The Coming Pregnancy Surveillance State Will Bring "Homeland Security" to Women's BodiesRoundup
tags: racism, abortion, Homeland Security, civil liberties, eugenics, surveillance, reproductive freedom
Natalie Fixmer-Oraiz is F. Wendell Miller associate professor of communication studies and gender, women’s and sexuality studies at the University of Iowa and author of Homeland Maternity: US Security Culture and the New Reproductive Regime.
To be pregnant in the United States is now more dangerous than ever. This is not simply due to rising maternal mortality, a broken health-care system or the fact that criminalizing abortion renders pregnant women or other pregnant people acutely vulnerable. These facts are compounded by the perilous combination of pregnancy, policing and digital surveillance in what is now a post-Roe America.
Recent headlines have focused on how contemporary digital surveillance renders seeking abortion care intensely fraught in the shifting post-Roe legal landscape. Data, experts note, can be easily acquired and weaponized against anyone who does not carry a pregnancy successfully to term. This is neither a dystopian hypothetical, nor is it a new trend. The criminalization of pregnancy has been steadily on the rise for decades, intensifying acutely alongside the rise of U.S. homeland security culture.
While the policing of pregnancy and the homeland security state may seem unrelated, they are in fact intimately enmeshed. Reproductive surveillance, coercion and control is a durable and devastating pattern in U.S. history — and one that has historically intensified alongside nationalism and perceived threats to the nation.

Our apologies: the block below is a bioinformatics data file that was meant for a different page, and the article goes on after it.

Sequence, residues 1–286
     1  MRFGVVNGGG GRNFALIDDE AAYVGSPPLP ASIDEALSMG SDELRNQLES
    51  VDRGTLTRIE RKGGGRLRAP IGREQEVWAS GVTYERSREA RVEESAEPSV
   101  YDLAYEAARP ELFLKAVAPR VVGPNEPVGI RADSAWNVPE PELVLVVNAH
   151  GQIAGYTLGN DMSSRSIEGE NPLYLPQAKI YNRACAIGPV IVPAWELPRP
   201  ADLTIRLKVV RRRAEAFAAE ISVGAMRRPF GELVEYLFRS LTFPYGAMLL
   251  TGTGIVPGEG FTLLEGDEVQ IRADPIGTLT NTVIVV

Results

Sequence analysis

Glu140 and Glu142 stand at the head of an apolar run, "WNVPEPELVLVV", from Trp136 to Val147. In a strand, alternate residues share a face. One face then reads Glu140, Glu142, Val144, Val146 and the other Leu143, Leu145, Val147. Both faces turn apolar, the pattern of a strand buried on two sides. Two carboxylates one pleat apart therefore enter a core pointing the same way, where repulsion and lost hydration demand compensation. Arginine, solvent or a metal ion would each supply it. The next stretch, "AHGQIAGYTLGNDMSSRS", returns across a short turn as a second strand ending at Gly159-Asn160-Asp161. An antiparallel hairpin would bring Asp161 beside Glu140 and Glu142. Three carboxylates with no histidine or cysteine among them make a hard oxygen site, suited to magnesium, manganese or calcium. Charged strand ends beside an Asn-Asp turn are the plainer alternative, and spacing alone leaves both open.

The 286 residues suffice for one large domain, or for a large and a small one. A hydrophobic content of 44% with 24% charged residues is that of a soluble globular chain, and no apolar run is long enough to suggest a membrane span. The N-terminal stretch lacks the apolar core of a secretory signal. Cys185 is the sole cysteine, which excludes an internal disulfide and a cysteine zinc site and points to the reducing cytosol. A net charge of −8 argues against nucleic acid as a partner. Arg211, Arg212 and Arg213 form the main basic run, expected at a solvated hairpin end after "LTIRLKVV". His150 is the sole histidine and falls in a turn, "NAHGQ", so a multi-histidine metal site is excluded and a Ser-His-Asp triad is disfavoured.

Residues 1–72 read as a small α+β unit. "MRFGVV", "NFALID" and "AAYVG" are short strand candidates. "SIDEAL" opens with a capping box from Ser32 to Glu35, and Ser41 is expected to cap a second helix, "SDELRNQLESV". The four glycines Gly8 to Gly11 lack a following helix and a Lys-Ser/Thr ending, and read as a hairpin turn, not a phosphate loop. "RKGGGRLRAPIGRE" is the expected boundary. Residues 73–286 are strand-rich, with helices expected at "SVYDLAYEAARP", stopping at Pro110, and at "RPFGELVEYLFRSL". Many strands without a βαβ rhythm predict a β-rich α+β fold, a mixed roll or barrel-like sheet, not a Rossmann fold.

Our dystopian present is deeply rooted in how motherhood has long been imagined as a vehicle for the nation. Consider a few examples from history. The strict regulation of reproduction proved critical to the founding of the U.S. republic as a white-supremacist colonial state. Historian Linda Kerber notes that, in lieu of enfranchisement, wealthy White women were to perform citizenship through mothering — to birth those who would inherit and shape the fledgling nation. Early Colonial bans on interracial marriage and the strict enforcement of White women’s fidelity all but ensured a growing White population.
White women’s compulsory motherhood stood in stark contrast to the sexual and reproductive abuse of Black and Indigenous women in the early republic. Legal scholar Dorothy Roberts documents how enslaved Black women were denied motherhood. Their children were born into bondage and designated enslaver property by law. Thus, White men’s rape of enslaved Black women was a key weapon in perpetuating slavery and establishing White wealth across generations. The colonization of the Americas more broadly relied on sexual and reproductive violence, with White colonizers leaving detailed accounts of rape and murder of Indigenous women, attesting to its centrality in the broader project of White nation-building.
The mechanisms of reproductive control shifted alongside social and political changes, but reflected enduring investments in the United States as a White nation.
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